Everyday Gods

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A friend of mine asked me several years ago, in a species of theological debate probably familiar to many modern Pagans and polytheists, whether it is better to have a singular god who is all-powerful but who doesn't get involved in peoples' lives (because of indifference, or transcendence, or whatever reason), or to have many gods who are far less powerful and are often not able to do much, but who do have an active role to play in their devotees' lives and who interact with them regularly. Both of these, from a strictly instrumental viewpoint, could amount to the same thing in terms of the deities' abilities to have any impact on the material world, but I think it's a factor in why so many people logically think that monotheism is in some way superior to polytheism.

To put it in more bald terms: what seems better, a giant, omnipotent, but indifferent deity, or a small, involved, but less-than-omnipotent deity or deities? Even with deities, people generally are encouraged to think that "bigger is better" these days, and that number does not compensate for power. (Leaving aside that the existence of an omnipotent deity, whether monotheistic or in polytheistic contexts, is entirely conjectural at this juncture, nonetheless the point stands—even if some people only consider deities to be existent in the minds of their adherents, an imaginary omnipotence is preferable to an imaginary less-than-omnipotence.)

As I wrote a few months ago, the polytheist tendency is not to reduce, combine, and deduct the number of divine entities with which one deals. I do not think this is something about which to be ashamed; I think it is something to revel in and to play out as far as possible for the individuals concerned. Learning more about other cultures of the past always means that one will become aware of more deities that have existed, and that still do exist. Knowing more about one's own family history, and also meeting and becoming friends with other people outside of one's family, makes one's own ancestral circles, of both blood and heart, expand. Traveling from place to place, and attuning one's awareness to one's own local environment, means that one is no longer dealing with one "spirit of the land" for a particular location (whether that is a continent, country, state, county, town, or neighborhood), but that one is able to distinguish particular tree spirits from grass or other plant spirits, rocks from rivers, atmospheric visitors from long-time mountain residents.

And, while it may be important for some people's sanity to only devote themselves seriously to a handful of deities, spirits, and ancestors (or ancestral lines and other possible groups), nonetheless this focus in one's attentions does not mean that all of the other possibilities disappear, no longer exist, or can't influence one or eventually play a role in one's life at some point in the future.

Even within Pagan and polytheist circles, though, there is a tendency to want to emphasize and focus upon gods that are "as large as possible." While I certainly think this is very useful, I wonder if thinking in terms more like (at least for the purpose of surface meanings) the Chinese Celestial Bureaucracy might be more useful. While Zeus might be able to answer your prayers when it comes to making sure it doesn't rain the day you want to have a picnic, perhaps there's a more direct rain deity (who may be more localized) that might have a greater chance of helping one out. Courting the favors of Thoth, one of the Egyptian deities concerned with (amongst other things) writing, might be a good idea, but what if you're writing a book report as opposed to a sci-fi novel, an annotated bibliography as opposed to a blog post?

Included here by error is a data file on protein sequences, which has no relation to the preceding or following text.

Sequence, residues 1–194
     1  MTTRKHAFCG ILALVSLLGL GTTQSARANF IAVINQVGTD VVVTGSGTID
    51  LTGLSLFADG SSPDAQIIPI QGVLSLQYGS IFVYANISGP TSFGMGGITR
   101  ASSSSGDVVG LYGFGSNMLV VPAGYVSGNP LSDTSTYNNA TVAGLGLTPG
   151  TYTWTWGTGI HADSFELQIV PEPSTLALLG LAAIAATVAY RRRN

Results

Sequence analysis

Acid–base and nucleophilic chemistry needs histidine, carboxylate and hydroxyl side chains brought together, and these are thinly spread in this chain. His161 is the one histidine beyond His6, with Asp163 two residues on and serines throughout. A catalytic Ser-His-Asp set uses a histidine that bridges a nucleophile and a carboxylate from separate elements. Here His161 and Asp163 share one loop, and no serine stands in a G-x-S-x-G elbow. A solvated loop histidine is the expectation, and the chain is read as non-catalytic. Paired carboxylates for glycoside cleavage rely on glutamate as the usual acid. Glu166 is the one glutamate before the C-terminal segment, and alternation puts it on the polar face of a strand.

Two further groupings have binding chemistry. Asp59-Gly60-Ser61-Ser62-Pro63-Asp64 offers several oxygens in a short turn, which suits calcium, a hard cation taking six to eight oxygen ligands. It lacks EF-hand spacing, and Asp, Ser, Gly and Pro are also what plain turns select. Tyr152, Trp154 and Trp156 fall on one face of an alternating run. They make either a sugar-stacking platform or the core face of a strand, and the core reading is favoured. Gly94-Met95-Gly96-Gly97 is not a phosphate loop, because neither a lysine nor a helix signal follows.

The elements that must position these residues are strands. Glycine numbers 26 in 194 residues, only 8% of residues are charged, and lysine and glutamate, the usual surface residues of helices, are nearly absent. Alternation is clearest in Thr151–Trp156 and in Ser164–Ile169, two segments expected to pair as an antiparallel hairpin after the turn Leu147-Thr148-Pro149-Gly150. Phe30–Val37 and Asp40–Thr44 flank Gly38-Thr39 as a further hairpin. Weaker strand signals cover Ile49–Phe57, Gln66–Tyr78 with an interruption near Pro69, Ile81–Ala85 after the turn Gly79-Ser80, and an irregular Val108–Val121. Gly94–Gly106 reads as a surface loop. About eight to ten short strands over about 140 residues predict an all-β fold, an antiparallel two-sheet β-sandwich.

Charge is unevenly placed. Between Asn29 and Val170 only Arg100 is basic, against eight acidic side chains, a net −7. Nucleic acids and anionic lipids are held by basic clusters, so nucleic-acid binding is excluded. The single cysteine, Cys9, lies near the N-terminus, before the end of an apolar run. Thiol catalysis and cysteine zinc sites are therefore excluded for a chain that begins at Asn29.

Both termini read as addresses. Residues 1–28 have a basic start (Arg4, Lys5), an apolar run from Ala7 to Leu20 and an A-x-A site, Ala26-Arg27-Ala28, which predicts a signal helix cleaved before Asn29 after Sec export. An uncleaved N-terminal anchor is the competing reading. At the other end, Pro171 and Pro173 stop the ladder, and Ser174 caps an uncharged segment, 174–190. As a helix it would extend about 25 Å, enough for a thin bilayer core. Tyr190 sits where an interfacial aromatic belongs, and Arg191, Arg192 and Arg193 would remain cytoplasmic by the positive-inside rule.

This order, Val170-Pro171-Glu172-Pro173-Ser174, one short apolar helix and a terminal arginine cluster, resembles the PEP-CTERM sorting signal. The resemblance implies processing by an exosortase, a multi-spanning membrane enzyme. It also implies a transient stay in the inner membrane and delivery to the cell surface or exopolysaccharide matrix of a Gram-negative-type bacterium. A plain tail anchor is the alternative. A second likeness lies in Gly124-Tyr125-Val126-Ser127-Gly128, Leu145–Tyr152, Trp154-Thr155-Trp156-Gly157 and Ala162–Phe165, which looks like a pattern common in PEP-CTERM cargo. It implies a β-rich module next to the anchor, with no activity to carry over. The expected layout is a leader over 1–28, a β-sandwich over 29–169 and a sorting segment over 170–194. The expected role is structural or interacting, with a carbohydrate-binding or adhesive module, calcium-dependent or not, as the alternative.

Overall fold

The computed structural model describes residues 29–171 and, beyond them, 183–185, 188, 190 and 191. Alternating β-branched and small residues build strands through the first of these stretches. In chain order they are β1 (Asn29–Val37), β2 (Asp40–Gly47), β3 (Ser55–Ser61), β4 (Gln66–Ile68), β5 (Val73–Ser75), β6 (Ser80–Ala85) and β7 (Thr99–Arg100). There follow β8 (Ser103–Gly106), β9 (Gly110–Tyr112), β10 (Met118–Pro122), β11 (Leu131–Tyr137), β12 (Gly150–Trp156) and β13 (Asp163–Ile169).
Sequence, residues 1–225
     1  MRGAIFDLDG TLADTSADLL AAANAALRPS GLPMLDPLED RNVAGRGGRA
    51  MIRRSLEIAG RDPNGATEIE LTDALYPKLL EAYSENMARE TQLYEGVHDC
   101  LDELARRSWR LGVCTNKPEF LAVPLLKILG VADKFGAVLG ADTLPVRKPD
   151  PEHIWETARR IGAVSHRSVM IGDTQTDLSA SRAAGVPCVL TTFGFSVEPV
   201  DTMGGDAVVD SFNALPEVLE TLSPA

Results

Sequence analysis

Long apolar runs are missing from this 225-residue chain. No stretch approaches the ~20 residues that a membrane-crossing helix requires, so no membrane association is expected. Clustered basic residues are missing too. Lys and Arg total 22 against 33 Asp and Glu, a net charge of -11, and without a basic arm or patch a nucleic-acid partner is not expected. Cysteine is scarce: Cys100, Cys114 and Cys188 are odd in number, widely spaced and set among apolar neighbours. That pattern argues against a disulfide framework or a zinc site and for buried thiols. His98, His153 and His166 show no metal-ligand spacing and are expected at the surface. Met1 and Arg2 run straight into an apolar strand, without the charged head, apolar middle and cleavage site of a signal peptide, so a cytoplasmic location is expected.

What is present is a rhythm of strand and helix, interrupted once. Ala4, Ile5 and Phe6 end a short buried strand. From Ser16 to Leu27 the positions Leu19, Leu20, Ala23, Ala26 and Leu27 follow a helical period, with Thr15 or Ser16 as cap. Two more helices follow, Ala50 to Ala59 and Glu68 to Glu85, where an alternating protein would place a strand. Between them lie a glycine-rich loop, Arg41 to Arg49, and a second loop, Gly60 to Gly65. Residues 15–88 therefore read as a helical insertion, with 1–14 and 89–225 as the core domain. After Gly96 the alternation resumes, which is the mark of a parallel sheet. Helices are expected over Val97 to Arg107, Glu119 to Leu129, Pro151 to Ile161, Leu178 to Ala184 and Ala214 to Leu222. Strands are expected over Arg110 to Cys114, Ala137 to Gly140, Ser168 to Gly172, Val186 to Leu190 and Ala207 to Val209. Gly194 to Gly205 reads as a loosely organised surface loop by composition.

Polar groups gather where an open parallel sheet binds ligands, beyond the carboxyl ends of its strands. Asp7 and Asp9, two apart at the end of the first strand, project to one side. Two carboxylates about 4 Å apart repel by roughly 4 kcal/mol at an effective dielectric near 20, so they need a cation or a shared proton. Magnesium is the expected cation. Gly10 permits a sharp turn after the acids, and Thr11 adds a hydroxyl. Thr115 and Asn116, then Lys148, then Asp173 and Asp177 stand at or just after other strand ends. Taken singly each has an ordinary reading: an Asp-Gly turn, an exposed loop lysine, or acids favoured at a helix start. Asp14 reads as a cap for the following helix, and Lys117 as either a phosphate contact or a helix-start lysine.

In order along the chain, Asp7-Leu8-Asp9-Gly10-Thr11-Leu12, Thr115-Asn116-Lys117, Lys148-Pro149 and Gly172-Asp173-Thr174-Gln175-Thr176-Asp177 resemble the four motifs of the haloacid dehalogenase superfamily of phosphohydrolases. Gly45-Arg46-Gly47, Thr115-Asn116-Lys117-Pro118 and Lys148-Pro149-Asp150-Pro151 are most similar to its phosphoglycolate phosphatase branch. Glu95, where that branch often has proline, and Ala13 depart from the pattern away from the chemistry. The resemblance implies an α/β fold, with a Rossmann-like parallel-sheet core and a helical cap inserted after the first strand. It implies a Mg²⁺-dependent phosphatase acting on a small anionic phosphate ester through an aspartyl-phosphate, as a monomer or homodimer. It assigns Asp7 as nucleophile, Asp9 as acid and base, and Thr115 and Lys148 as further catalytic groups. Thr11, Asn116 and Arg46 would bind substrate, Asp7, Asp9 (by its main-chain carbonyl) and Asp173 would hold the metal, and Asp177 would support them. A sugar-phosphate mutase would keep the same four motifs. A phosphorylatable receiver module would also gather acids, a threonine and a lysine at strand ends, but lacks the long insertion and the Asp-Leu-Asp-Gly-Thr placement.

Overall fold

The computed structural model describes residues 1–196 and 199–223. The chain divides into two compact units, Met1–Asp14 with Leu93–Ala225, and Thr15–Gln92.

Assuming that one's everyday concerns must be addressed at what is the equivalent of the CEO level of divine hierarchy has a sense of entitlement about it that somewhat staggers my mind when I consider it carefully. Though I do know, and have personal experience with, some of these "higher-up" deities taking an interest and getting involved in one's direct affairs, at the same time I wonder if we (and they!) are always best served by the possibility of a divine form-letter from the "Head God," as opposed to the more personal interactions that can develop with an individual "Customer Service Representative" deity.

Various different polytheistic systems have ways of including such more minor divine beings, whether they are understood in terms of daimones, angels (which, from its Greek roots, only means "messenger," and need not imply anything else!), or any number of other possibilities. While everyone has heard of many of the Roman "big gods" like Jupiter, Juno, Minerva, Mercury, Ianus, and Mars (amongst others), how many have known about, or dealt with, some of the more minor divinities, like Forculus, the god of actual doors, or Cardea, the goddess of door-hinges, Manturna, the goddess of preserving marriages to be long-lasting (whose blessings are vastly neglected today!), or Subruncinator, the god of weeding fields? Chances are, nearly every pantheon has a variety of such smaller deities, who would be very useful to get acquainted with on the part of many polytheists today.

9/11/2011 4:00:00 AM
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  • P. Sufenas Virius Lupus
    About P. Sufenas Virius Lupus
    P. Sufenas Virius Lupus is a metagender and a founding member of the Ekklesía Antínoou (a queer, Graeco-Roman-Egyptian syncretist reconstructionist polytheist religious group dedicated to Antinous, the deified lover of the Roman Emperor Hadrian and other related gods and divine figures). E is a contributing member of Neos Alexandria and a Celtic Reconstructionist pagan in the filidecht and gentlidecht traditions. Follow Lupus' work on the Aedicula Antinoi blog.